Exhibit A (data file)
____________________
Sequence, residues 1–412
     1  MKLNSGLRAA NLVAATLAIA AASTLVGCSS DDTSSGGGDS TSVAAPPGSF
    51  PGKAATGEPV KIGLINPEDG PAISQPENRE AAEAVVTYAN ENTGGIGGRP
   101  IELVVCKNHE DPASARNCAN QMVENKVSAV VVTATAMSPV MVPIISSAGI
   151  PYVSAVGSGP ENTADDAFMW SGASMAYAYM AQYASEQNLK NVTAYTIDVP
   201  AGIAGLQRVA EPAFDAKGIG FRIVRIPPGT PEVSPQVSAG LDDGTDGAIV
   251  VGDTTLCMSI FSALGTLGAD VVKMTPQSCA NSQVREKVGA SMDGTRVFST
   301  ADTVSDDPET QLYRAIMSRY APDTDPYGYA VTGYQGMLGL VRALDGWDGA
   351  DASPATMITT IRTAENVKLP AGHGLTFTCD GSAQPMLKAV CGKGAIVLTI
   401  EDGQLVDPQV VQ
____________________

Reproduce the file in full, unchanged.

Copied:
Sequence, residues 1–412
     1  MKLNSGLRAA NLVAATLAIA AASTLVGCSS DDTSSGGGDS TSVAAPPGSF
    51  PGKAATGEPV KIGLINPEDG PAISQPENRE AAEAVVTYAN ENTGGIGGRP
   101  IELVVCKNHE DPASARNCAN QMVENKVSAV VVTATAMSPV MVPIISSAGI
   151  PYVSAVGSGP ENTADDAFMW SGASMAYAYM AQYASEQNLK NVTAYTIDVP
   201  AGIAGLQRVA EPAFDAKGIG FRIVRIPPGT PEVSPQVSAG LDDGTDGAIV
   251  VGDTTLCMSI FSALGTLGAD VVKMTPQSCA NSQVREKVGA SMDGTRVFST
   301  ADTVSDDPET QLYRAIMSRY APDTDPYGYA VTGYQGMLGL VRALDGWDGA
   351  DASPATMITT IRTAENVKLP AGHGLTFTCD GSAQPMLKAV CGKGAIVLTI
   401  EDGQLVDPQV VQ